Ovens – Oven cleaners can contain some very dangerous compounds, and their fumes are usually toxic. Some more natural alternatives to commercial oven cleaners are available. One such alternative is to sprinkle water in the oven. Add some baking soda and scrub with very fine steel wool. Wipe off the mixture and the dirt with a damp sponge, rinse and dry. If there is a bad spill in your oven, sprinkle water, then salt on it while the oven is still warm. Once the oven has cooled, scrape away the spill and wash the area.

Toilet bowls – For stains in your toilet, make a paste about the consistency of toothpaste using borax and lemon juice. Apply the paste to the sides of your toilet and let it sit for about 2 hours. Scrub the surface thoroughly and rinse. Another technique is to sprinkle baking soda on the sides of the bowl and add vinegar. Scrub the surface with a toilet brush. For regular cleanings, use any all purpose cleaner or a simple mixture of vinegar and water to prevent stains from building up.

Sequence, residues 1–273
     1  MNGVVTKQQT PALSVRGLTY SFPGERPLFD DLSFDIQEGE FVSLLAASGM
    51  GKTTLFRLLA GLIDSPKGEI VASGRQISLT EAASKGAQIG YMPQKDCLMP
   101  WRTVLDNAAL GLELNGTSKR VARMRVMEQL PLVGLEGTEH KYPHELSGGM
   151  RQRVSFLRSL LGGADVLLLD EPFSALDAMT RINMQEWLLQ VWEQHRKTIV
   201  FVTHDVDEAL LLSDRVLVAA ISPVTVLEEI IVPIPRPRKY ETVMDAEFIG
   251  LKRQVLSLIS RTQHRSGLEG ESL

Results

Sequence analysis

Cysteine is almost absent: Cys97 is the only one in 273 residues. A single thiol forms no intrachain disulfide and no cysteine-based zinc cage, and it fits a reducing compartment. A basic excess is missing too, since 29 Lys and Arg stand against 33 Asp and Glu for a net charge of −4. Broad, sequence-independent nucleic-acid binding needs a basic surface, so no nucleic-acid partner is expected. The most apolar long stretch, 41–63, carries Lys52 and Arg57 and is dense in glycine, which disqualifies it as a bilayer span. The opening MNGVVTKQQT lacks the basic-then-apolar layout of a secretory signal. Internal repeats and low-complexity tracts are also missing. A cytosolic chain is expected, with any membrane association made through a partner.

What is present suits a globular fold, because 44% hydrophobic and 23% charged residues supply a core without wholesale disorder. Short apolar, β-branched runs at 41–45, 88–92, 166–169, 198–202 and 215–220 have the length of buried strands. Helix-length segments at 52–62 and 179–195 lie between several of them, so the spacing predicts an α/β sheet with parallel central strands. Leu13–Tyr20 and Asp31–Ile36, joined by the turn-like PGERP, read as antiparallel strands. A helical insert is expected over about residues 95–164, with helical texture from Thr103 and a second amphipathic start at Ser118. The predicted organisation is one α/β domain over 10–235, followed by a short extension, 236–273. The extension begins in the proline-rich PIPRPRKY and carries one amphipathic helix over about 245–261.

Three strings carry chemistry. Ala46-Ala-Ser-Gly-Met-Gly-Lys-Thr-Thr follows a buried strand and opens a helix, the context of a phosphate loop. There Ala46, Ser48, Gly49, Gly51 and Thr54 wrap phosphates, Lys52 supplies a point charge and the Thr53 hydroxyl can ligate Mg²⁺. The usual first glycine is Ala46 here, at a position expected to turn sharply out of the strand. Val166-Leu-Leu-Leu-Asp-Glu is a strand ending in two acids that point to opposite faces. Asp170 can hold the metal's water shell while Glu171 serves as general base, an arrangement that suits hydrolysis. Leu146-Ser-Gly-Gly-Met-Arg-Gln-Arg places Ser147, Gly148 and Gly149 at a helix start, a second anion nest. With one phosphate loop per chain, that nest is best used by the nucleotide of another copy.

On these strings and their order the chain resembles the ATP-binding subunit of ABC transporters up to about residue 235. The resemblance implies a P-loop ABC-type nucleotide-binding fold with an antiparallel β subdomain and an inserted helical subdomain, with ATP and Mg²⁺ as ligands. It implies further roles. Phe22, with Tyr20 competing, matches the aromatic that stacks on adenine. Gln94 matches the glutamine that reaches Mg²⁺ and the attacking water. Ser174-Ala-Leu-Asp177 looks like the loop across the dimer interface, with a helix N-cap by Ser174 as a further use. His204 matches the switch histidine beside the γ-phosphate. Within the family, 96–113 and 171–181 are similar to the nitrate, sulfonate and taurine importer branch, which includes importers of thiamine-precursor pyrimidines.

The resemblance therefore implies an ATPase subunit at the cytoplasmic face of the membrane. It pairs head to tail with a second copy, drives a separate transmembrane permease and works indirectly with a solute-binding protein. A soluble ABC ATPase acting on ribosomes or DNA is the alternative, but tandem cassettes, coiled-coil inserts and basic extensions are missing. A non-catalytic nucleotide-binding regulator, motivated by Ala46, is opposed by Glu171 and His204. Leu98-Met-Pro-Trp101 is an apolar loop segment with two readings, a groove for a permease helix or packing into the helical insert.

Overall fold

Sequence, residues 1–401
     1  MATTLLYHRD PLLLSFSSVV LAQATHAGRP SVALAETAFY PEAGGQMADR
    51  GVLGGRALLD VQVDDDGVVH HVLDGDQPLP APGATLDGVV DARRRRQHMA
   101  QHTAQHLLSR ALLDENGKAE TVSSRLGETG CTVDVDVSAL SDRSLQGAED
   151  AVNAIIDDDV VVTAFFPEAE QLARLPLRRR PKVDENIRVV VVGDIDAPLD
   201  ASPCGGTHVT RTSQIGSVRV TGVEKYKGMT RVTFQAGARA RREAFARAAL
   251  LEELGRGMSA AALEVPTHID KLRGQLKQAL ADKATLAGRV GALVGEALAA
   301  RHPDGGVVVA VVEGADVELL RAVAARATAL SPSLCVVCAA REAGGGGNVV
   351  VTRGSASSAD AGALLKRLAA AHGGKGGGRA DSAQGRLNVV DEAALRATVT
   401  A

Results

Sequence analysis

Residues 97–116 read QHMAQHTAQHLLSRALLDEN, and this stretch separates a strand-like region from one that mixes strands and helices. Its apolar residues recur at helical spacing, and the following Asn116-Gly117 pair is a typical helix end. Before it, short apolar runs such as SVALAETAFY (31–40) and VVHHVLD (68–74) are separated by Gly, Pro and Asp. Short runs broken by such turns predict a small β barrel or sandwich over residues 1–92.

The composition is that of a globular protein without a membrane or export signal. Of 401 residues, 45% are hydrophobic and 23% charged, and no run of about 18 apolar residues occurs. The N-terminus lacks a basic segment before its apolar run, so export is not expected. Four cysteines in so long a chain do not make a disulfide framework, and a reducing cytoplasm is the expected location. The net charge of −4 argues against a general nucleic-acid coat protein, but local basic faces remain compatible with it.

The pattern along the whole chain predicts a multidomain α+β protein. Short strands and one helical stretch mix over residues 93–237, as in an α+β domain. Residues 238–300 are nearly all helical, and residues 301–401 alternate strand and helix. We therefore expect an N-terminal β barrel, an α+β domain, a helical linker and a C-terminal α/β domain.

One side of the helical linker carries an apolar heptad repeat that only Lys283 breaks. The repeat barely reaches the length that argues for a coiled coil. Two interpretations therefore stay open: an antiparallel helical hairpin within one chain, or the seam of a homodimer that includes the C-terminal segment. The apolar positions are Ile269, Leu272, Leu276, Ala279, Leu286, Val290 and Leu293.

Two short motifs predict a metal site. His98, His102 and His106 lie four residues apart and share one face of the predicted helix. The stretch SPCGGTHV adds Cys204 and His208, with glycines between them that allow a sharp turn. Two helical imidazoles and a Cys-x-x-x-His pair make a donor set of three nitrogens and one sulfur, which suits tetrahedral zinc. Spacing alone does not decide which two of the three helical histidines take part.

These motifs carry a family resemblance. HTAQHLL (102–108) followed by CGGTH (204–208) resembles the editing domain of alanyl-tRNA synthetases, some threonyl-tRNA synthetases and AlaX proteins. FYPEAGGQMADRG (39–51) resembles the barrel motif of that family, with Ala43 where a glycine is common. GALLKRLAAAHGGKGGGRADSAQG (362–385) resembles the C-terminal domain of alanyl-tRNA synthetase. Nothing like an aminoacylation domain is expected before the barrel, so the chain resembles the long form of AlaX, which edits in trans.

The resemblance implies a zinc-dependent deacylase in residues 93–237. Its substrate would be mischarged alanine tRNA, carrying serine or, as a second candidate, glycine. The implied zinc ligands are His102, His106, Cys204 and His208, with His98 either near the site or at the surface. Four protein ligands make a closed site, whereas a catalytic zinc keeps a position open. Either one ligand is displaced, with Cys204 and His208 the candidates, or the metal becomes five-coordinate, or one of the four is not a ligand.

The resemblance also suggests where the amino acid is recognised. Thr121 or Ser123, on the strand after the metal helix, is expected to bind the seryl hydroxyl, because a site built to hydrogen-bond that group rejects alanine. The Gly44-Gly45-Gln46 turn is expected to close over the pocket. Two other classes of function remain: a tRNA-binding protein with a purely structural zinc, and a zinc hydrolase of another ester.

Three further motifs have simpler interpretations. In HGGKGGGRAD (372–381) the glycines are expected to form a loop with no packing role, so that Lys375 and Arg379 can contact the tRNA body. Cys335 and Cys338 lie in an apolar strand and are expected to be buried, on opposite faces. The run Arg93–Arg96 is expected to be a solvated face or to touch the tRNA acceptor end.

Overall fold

Carpets, rugs and upholstery – To clean and deodorize your carpet or upholstery, sprinkle baking soda liberally on the surface, leave it for about an hour, and then vacuum. For tougher stains, sponge a mixture of vinegar and water on the stain, sponge with clean water and then pat it dry. Soapy water with vinegar can also be used in the same fashion.

Countertops – For tough stains on countertops, let a few drops of lemon juice sit for a few minutes then scrub with baking soda. Other all purpose cleaners can be used on such stains, along with vinegar diluted in water. Make sure to wipe the cleaners off before you use the countertop again.

Mirrors and glass – A solution of diluted vinegar can be used for regular cleaning of glass surfaces. The smell of vinegar, though it disappears once the vinegar has dried, is not appealing to most, and so a few drops of lemon juice on a cloth can have the same effect. Another method is to wash the surface with pure soap and water, then rinse with a mixture of 4 parts water and 1 part vinegar.

Furniture – To remove dust and fingerprints from furniture, use a damp wash cloth to wipe and then dry immediately with a soft cloth. For tougher cleaning jobs, mix about 750 mL of olive oil with about 250 mL of vinegar. Apply to the furniture with a clean, soft cloth and wipe dry.

Lime and mineral deposits – Lime and mineral deposits can build up on bathroom and kitchen faucets. To remove them, soak cloths in vinegar and wrap the cloth around the affected faucet. Leave the cloth to sit for about an hour (depending on how tough the deposits are). This will soften the deposits so they can be easily wiped away.